One of the questions that anyone should ask themselves when reading a news report is, "Why am I seeing this at THIS particular time?" A great example came up on September 20th, when I saw the following headline in my local paper: "Iran Is Prepared to Fight If Attacked, Iranian General Says; Plans to Strike Israel if the Jewish State Should Attack Are No Hollow Threat,' a Deputy Air Force Commander Warned."
The White House press secretary immediately commented that the Iranian General's claim to self-defense was "unhelpful" and "almost seems provocative."
So, it's "provocative" when a military leader in a country says that the country would respond militarily to a military attack? I can't imagine a country whose leaders would not say such a thing. Which is not to say I am happy about it, but I wouldn't consider it newsworthy when it happens.
I thought maybe my local paper was unusual in considering this newsworthy, but I was wrong. The headlines around the country on this, while not on many front pages, were everywhere. Most mentioned the self-defense aspect, but some were more alarming. The Associated Press cried, "Iran Draws Up Plans to Bomb Israel," not mentioning until the body of the article that this was only "if the Jewish state should attack it." The French news agency Agence France Presse said, "Iran Warns It Could Strike Israel as Nuclear Tensions Mount," again leaving the crucial context out of the headline. The daily paper in Albany, NY, said "Iran Official Confirms Strategy to Fight Israel." In the body of this last article is the key fact that "Israeli and U.S. officials have threatened the possibility of pre-emptive attacks on Iran..."
Don't misunderstand me, I'm not saying Iran is a peace-loving nation. But I have to agree with Jimmy Carter, who said that "I think it would be almost inconceivable that Iran would commit suicide by launching one or two missiles of any kind against the nation of Israel."
Back to the question of why we are hearing this "news" right now. At this particular moment in history we are in the midst of a gigantic propaganda effort aimed at making it difficult for U.S. voters to believe that Iran's leaders are rational people who think strategically. Because, if they are those kind of people, then we might want to engage with them. On the other hand, if they are no more than hateful fanatics who are essentially unreasonable and maniacal at their cores, then I guess we will have to go to war with them. As I explained in Nygaard Notes #184, Rule #1 of wartime propaganda is "To mobilize hatred of the enemy."
Meanwhile, on the very same day that the reports of the Iranian threat appeared everywhere, the Daily News of New York was virtually alone in reporting that "Israeli officials vowed to wipe Syria off the map if Israel is attacked with chemical weapons" by that country. A member of the Israeli parliament told the Daily News that, if the Syrians "ever use these [chemical] weapons against Israel, then we must be clearit will be the end of this evil and brutal dictatorship."
And, just this week, George W. Bush threatened "World War III" if Iran simply "had the knowledge necessary to make a nuclear weapon."
Sometimes propaganda is hard to spot, because it is well put-together and rather subtle. On the other hand, we have an article like the one about Syria and nuclear weapons that appeared on September 15th in the New York Times.
Let's start with the headline: "U.S. Official Says Syria May Have Nuclear Ties." Two points here: Point 1: No headline that contains the word "may" is worthy of appearing in the "news" pages. I've written before about the word "may" in the news pages (see NN #335, June 30, 2006, "This May' Be Propaganda"). The only time it might be acceptable to use a "may" in a headline would be if it were a story about officials spreading propaganda by speculating about what "may" be going on but for which there is no actual evidence. That is not what we see here.
Point 2: U.S. officials say a million things every day. It is the job of the media to listen, make some decisions about what is important, and report accurately the information that pertains to what is important. This is a different process than showing up at press conferences and serving as a conduit for propaganda, as in this case with the words of the "U.S. Official."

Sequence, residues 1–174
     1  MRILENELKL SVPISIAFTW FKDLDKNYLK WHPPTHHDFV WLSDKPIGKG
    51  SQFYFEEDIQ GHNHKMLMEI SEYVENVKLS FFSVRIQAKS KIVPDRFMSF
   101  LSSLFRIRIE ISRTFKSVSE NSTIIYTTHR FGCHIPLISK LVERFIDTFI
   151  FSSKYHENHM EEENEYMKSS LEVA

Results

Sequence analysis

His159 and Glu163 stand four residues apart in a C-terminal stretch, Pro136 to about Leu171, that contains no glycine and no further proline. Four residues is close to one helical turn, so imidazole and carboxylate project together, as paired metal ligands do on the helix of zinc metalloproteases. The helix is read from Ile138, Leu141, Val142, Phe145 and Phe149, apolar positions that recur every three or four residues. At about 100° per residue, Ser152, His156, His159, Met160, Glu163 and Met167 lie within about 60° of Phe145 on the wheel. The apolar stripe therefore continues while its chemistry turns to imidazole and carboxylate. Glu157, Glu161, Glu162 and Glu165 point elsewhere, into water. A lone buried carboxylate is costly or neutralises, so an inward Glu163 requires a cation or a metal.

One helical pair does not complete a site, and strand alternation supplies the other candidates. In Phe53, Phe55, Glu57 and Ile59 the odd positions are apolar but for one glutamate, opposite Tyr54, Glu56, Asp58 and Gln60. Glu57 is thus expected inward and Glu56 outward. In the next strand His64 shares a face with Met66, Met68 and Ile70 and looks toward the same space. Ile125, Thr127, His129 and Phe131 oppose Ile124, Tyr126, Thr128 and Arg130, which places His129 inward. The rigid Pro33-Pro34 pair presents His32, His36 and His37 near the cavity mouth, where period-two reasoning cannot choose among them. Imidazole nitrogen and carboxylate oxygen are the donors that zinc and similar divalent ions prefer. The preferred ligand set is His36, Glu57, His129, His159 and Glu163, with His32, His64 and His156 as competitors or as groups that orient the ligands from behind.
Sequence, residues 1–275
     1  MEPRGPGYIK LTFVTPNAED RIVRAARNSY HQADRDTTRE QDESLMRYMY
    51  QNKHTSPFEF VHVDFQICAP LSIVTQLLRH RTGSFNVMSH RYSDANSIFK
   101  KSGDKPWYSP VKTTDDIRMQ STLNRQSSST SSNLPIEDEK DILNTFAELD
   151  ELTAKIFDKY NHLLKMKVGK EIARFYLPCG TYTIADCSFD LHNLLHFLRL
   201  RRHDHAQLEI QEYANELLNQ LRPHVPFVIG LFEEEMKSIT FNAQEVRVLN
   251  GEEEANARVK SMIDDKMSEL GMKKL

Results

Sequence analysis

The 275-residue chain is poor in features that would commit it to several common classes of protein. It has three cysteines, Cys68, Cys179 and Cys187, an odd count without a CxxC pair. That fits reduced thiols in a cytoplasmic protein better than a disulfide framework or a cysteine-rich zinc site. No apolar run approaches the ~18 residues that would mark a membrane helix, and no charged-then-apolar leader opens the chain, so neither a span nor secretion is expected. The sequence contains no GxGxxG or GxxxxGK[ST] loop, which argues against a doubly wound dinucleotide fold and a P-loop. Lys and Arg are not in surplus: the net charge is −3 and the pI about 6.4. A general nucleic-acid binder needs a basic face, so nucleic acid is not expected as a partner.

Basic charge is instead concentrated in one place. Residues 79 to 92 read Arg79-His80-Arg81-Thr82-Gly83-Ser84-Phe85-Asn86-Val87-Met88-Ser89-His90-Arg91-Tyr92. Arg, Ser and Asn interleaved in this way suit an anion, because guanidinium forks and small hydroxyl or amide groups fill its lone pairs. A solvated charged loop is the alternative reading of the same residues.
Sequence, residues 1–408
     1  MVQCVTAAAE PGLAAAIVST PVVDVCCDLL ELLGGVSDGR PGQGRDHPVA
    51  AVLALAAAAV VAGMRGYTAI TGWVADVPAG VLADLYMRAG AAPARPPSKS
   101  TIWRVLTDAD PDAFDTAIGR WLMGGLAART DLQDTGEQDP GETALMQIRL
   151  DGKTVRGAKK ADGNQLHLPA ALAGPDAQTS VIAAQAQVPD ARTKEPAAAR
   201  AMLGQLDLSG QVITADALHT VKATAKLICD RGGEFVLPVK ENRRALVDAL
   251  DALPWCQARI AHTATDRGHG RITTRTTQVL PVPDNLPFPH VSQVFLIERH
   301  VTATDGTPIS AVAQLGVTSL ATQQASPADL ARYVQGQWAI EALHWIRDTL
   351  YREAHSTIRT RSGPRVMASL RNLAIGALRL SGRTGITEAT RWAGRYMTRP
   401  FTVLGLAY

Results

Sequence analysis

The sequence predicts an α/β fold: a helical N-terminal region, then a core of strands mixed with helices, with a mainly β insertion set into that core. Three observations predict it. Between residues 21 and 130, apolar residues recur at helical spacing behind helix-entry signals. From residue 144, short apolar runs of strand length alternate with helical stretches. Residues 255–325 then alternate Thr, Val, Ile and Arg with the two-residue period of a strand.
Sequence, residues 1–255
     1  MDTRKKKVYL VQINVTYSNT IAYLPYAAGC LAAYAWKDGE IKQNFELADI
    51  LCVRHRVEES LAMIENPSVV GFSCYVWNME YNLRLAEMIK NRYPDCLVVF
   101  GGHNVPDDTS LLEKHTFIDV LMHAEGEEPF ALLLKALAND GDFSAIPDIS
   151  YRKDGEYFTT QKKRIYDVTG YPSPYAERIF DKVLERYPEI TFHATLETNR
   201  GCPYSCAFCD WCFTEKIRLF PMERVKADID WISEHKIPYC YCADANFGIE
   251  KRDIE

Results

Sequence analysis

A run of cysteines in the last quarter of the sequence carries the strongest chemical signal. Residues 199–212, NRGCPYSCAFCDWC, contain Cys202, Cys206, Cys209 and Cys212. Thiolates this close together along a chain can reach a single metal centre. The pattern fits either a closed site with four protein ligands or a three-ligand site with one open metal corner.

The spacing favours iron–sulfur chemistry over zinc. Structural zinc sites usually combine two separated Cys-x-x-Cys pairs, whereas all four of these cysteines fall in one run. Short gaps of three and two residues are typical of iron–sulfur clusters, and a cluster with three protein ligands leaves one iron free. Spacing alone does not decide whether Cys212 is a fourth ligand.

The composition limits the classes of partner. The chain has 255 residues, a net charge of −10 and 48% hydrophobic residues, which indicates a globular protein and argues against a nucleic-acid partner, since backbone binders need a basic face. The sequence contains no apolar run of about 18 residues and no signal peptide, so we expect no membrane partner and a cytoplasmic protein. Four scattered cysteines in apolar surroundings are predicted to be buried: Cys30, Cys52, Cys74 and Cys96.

OK, on to the body of the article, with selected quotations and a note or two:
The Lead Paragraph: "A senior U.S. nuclear official said Friday that North Koreans were in Syria and that Damascus may have had contacts with secret suppliers' to obtain nuclear equipment." There's the word "may" again. And just think about that first statement: "North Koreans are in Syria." Later on in the same article the Times tells us that "North Korea has long supplied Syria with missile technology." So, OF COURSE there are North Koreans in Syria; they work there.
From The Second Paragraph: The same "official"Andrew Semmel from the U.S. State Department"said that Syria may have a number of secret suppliers' for a covert nuclear program." True. And they "may" have proof that Elvis Presley is alive. But it is not news unless the proof is actually produced, or the reporter at least has seen some evidence that such proof exists.
From The Fifth and Sixth Paragraphs: "Some weapons experts said they were skeptical that Syria was in league with North Korea to build a secret program. Damascus is not thought to have made serious efforts in the past to develop nuclear weapons, and those experts said it was unlikely that the Syrians could afford such a program or had the technical expertise to sustain it."
This is apparently an attempt at "balance" on the part of the Times but, really. One official with a name says "this" and some unnamed "experts" say "that." Do we know any more than we did before we read this? No. Again, where is the evidence?
Here is Paragraph Ten: "A Bush administration official said earlier this week that over the past several weeks, Israel had conducted several aerial surveillance flights over Syria to take pictures of what Israeli officials were said to believe could be possible nuclear development installations."
Allow me to translate that last sentence: Some unknown person "said" that some anonymous officials "believe" that something they may or may not have actually seen "could be" something we don't like. "Possibly."
The charge is a serious one: That Syria is developing nuclear weapons, aided by North Korea. Nations go to war over things like this. But not only is there no evidence presented that Syria is doing anything of the sort, the Times itself reported on September 22nd that "North Korea has never been known to export nuclear technology or material."
If you know anything at all about journalism, you know that this is not it. This is propaganda, parroted by the nation's most influential newspaper.